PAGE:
Customer journey mapping

Customer Journey Mapping: How to map…


With customer journey mapping being a growing area of interest over the past few years, it might be a surprise to hear that it is still considered a relatively ‘new’ discipline – 32% of businesses have been conducting journey mapping exercises less than a year, and only 18% doing it for less than 5 years. But what does ‘doing it’ actually mean? And doing it right look like?

Meaning of customer journey mapping

Put really simply, customer journey mapping (CJM) is the process of capturing everything that customers see and experience in the context of a specific customer journey and towards their specific goal/ objective

Doing customer journey mapping right?

With anything new, there tends to be lots of interest – and this has already shown itself in a couple of ways – 1) many organisations are doing it with 67% of organisations claimed to be using customer journey mapping 2) an expanding number of consultancies and agencies alike are offering their journey mapping services 3) available to access templates, standards and ‘how to’ guides to support with customer journey mapping…

With this, we are understandably seeing a number of different approaches being taken to mapping customer journeys – from operationally focused mapping to a puristic customer research piece through to a data driven customer journey project…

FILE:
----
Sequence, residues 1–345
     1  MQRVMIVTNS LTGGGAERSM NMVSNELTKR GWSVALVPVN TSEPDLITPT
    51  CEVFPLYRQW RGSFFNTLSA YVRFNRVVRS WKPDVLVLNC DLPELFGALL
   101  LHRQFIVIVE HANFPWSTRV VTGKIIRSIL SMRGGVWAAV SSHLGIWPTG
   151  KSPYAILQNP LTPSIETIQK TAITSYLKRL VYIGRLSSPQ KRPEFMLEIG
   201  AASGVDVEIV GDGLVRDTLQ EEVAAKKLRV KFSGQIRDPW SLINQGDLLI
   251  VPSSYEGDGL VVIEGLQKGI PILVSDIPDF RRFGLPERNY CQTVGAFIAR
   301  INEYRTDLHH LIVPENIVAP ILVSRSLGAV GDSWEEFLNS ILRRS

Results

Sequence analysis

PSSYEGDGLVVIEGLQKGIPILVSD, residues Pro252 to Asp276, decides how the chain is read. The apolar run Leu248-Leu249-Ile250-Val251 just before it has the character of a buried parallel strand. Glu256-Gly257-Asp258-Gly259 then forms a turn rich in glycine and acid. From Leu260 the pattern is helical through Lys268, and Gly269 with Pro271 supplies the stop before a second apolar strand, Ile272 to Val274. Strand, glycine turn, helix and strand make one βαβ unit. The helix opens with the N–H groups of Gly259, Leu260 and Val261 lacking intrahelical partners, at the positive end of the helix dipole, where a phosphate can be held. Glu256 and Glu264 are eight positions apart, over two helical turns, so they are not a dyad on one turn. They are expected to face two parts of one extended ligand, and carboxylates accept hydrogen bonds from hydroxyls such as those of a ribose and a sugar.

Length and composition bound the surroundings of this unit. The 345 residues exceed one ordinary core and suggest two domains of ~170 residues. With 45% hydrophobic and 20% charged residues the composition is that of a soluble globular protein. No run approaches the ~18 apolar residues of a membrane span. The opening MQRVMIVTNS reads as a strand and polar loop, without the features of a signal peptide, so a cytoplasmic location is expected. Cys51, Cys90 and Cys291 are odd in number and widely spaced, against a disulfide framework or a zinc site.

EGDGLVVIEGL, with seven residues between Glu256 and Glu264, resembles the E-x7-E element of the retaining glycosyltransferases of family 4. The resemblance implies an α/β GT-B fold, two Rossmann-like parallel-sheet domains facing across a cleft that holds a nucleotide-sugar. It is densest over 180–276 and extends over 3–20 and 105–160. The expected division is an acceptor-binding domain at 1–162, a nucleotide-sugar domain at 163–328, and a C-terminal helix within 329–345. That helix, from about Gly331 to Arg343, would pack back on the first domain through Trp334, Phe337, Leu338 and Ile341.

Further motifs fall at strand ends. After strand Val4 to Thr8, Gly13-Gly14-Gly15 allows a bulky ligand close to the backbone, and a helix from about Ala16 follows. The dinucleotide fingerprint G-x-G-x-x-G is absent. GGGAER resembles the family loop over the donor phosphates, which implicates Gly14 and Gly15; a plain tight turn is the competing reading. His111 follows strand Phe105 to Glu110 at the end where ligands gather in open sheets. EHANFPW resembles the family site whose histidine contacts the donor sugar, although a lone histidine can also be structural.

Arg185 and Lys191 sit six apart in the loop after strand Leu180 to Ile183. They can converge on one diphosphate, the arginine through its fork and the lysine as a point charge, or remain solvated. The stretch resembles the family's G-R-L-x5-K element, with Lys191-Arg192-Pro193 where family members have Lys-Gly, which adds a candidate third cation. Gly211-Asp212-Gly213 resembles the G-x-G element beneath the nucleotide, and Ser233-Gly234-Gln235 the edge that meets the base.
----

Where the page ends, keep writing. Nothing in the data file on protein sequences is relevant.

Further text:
We would advocate that doing customer journey mapping ‘right’, whatever the overall approach, should always involve a blend of exercises that involve stakeholder and frontline engagement, primary customer research, customer, operational and commercial data analysis and operational process and systems mapping.

Using the below as a guide should help ensure you have customer journey mapping success:

  1. Aim to have a consistent business-wide approach to customer journey mapping  (test out through an initial pilot study and refine as necessary to ensure the approach works for the business)

  2. Always involve the business / internal view of the customer journey – this should then be followed by the reality of the customer view

  3. Mapping a journey should always involve primary research – at that point in time – read more about why here

  4. Your mapping exercise will be informed by the relevant commercial, customer and operational data that exists within the business

  5. The map will visualise a clear single view – bringing together the internal (business) and customer perspectives

  6. There should always be a plan for how mapping the journey will feed directly in to optimisation of the experience       

Are you considering what the best approach might look like for your organisation? Are you looking to build a business case to conduct customer journey mapping? We’re here to help – e: hello@thisislens.co.uk  t: 0113 344 8640

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